Wednesday, July 22, 2020

Radioactive Review: A Dramatic Look At Marie Curie's Life And Accomplishments

Release date: July 24, 2020
Running time: 109 minutes
Starring: Rosamund Pike, Sam Riley, Anya Taylor-Joy

Radioactive is the story of the scientific and romantic passions of Marie Sklodowska-Curie (known as Marie Curie) and Pierre Curie, and the reverberation of their discoveries throughout the 20th century.  From the 1870s through to modern day, Radioactive is a journey through Marie Curie’s (Pike) enduring legacies--her passionate partnerships, scientific breakthroughs, and the consequences that follow.  Marie and Pierre Curie made many scientific breakthroughs, and in 1903, the pair jointly won the Nobel Prize in physics for their discovery, making Marie the first woman to win the esteemed prize.  However, Marie Curie's life was far more complicated, and messy, than I remembered in school and her discovery of radioactivity seemed to be a blessing and a curse.  

Radioactive is made by Rosamund Pike.  She completely transforms for her role as Curie, portraying her as a strong, independent, and driven scientist.  She was meticulous, thorough, and supremely confident, able to see things that others couldn't and she changed the world as a result.  This is a very different role for Pike and I'm glad that she was up to the challenge of portraying the famous scientist.  Pierre Curie is also wonderfully portrayed by Sam Riley, a brilliant but caring scientist and perfect foil for Marie.  These two make a wonderful pair and they have great chemistry on screen.  And it is really interesting to see their conflicting personalities and how well the two work together.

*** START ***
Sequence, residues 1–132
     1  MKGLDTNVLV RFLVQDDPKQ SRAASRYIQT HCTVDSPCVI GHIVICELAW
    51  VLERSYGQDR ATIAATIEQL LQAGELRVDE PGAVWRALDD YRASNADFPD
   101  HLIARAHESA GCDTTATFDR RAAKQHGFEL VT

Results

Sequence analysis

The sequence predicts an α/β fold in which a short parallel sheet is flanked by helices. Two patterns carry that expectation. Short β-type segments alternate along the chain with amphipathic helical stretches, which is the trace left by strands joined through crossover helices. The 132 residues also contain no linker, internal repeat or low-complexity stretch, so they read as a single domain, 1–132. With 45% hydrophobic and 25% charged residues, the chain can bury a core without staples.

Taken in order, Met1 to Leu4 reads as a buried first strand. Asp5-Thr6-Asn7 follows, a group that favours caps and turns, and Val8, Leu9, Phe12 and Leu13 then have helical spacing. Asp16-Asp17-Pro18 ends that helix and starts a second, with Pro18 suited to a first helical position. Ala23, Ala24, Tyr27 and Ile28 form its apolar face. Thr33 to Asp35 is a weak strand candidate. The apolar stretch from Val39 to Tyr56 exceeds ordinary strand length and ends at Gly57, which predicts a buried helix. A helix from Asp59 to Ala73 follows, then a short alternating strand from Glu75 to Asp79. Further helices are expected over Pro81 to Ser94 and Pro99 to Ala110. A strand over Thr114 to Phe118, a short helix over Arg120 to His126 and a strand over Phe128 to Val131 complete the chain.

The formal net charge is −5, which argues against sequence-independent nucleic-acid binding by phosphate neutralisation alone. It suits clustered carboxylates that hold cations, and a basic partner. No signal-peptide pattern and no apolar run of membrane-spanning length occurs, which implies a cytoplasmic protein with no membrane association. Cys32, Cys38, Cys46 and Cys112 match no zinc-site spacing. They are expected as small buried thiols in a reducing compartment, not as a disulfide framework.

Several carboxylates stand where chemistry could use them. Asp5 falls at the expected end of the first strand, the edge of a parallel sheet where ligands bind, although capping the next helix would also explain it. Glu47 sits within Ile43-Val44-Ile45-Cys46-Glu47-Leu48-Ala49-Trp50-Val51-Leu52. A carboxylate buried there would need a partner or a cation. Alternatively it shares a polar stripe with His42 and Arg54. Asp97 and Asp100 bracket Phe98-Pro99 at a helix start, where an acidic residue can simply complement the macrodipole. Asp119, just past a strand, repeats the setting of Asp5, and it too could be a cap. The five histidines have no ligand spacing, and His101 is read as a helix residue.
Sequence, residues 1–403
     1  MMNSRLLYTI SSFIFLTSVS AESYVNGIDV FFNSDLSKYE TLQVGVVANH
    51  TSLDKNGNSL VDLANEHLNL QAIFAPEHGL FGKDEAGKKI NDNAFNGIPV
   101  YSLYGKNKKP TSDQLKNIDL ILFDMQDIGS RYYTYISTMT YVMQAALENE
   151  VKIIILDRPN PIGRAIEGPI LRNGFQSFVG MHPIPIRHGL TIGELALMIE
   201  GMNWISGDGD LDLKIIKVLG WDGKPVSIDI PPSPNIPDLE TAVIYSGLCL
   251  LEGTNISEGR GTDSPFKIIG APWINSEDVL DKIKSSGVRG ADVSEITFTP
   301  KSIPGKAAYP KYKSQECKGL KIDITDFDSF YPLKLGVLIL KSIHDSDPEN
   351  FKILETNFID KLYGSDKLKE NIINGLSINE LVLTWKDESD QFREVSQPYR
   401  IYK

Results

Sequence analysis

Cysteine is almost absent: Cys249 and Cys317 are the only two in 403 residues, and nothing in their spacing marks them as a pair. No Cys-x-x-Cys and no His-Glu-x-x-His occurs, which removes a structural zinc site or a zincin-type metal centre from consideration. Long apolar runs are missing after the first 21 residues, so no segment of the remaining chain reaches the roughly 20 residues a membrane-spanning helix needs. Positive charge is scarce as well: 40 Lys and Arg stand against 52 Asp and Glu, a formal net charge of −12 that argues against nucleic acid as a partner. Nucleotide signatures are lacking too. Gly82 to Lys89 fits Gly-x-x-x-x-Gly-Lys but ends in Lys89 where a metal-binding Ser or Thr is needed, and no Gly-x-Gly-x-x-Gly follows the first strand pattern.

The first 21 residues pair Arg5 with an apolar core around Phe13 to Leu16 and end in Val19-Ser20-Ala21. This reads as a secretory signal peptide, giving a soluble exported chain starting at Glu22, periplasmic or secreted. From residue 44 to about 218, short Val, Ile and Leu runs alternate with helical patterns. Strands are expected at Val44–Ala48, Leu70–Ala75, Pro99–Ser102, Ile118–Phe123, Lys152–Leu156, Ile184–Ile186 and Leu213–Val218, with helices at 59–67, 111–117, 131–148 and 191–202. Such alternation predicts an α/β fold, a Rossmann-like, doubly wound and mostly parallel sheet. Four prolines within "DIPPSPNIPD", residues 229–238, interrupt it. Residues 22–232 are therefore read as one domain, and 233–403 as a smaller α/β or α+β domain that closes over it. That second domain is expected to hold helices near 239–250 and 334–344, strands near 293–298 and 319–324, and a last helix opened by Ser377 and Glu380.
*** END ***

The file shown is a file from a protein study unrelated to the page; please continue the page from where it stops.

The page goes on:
One thing that I really appreciated about this film is the way it portrayed the Curie's scientific experiments.  It really goes into the grit and hard work it took for them to make their discovery, from breaking radioactive ore, to carefully measuring the isolated materials.  And I also liked how the film fully explored Marie Curie.  It didn't stop at just her scientific accomplishments, but painted a full picture of a strong, liberated woman who knew what she wanted and didn't care what people thought.  And it goes past her scientific accomplishments to highlight events that happened to her later in life, ones that I had never learned about in school.

However, Radioactive tries to put context in the Curie's inventions by cutting to various results and consequences of the discovery of radiation.  It is a noble idea, but one that in practice just seems off.  It is weird to have a film in the 1800s suddenly cut to a century later and proceed as if nothing had happened.  And the way that the transitions happen can sometimes be messy.  And for a film that does a good job of chronicling her life, the ending of the film felt over-dramatized and off.  

Radioactive is powered by Pike's stellar performance and paints a full picture of the brilliant, strong-willed, and complicated scientist.  

Rent it.

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